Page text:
Opioid Dependence

opiate-dependence

What are opioids?

Opioids are narcotics, i.e. they produce narcosis, which means they make you sleepy. They’re typically used to treat pain, but illicit opioids like heroin are used to get high. When opioids are used in sufficient quantity, the user experiences a trance-like state of bliss. Paradoxically, if too much is used, the respiratory system fails and the user begins to suffocate.

Over the years, the strength of various opioids has risen sharply. So has the rate of opioid dependence and overdose. The US is currently in the midst of a full blown opioid epidemic, the likes of which have not been seen since the Civil War when Morphine was handed out in handfuls to soldiers in the North to fight the Southerners.

 

Opioid dependence

Opioid dependence means an opioid user is susceptible to opioid withdrawal whenever he or she stops taking opioids. The length of time required to become physically dependent varies from person to person, but it generally takes just a few weeks of daily use. Opioid dependents are so driven to avoid withdrawal symptoms, they stop at almost nothing to obtain more and more opioids, even if that means damaging relationships, losing a job or going to jail.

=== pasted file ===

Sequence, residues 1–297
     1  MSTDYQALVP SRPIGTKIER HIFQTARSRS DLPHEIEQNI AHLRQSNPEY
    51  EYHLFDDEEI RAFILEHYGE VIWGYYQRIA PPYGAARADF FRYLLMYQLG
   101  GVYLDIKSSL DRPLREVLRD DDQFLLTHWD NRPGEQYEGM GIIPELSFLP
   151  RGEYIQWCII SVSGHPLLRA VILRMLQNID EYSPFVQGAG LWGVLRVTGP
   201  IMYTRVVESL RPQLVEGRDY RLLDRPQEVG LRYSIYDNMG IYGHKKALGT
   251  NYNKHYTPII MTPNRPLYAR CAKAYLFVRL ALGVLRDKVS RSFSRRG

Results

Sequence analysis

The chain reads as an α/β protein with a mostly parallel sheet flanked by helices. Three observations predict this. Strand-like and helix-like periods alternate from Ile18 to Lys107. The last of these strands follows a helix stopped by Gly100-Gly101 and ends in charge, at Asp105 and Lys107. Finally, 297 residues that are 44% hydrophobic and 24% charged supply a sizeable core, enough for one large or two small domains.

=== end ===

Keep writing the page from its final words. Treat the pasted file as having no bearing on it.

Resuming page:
Opioid withdrawal

Opioid withdrawal refers to a wide range of symptoms that develop shortly after discontinuation – for any person physically dependent to opiates. Symptoms of opioid withdrawal are similar to influenza symptoms, but the good news is that opioid withdrawal can easily be treated.

 

Early symptoms of opioid withdrawal include: 

  • Agitation
  • Anxiety
  • Dilated pupils
  • Runny nose
  • Sweating
  • Increased tearing
  • Yawning

Late symptoms of opioid withdrawal include:

  • Abdominal cramping
  • Muscle aches
  • Goose bumps
  • Nausea
  • Vomiting
  • Diarrhea
  • Insomnia

Withdrawal symptoms are very uncomfortable but are usually not life threatening. An opioid addict who is experiencing withdrawal symptoms may think they are going to die, but they’re much more likely to die from using opioids than they are from coming off opioids.

 

Opioid withdrawal complications

Two of the most severe threats posed by opiate withdrawal are diarrhea and vomiting, which can lead to dehydration if fluids are not replaced. Water and electrolytes (sodium, chloride, potassium and bicarbonate) are lost through liquid stools, vomit, sweat, urine and breathing. It is important to replenish fluids and maintain adequate hydration during opiate withdrawal.

 

Opioid withdrawal treatment

Opiate withdrawal treatment involves supportive care and pharmacotherapies. Specialized medications have been shown to work better than many other types of opiate withdrawal treatment. Buprenorphine based meds typically shorten the length of opiate addiction treatment.

 

 

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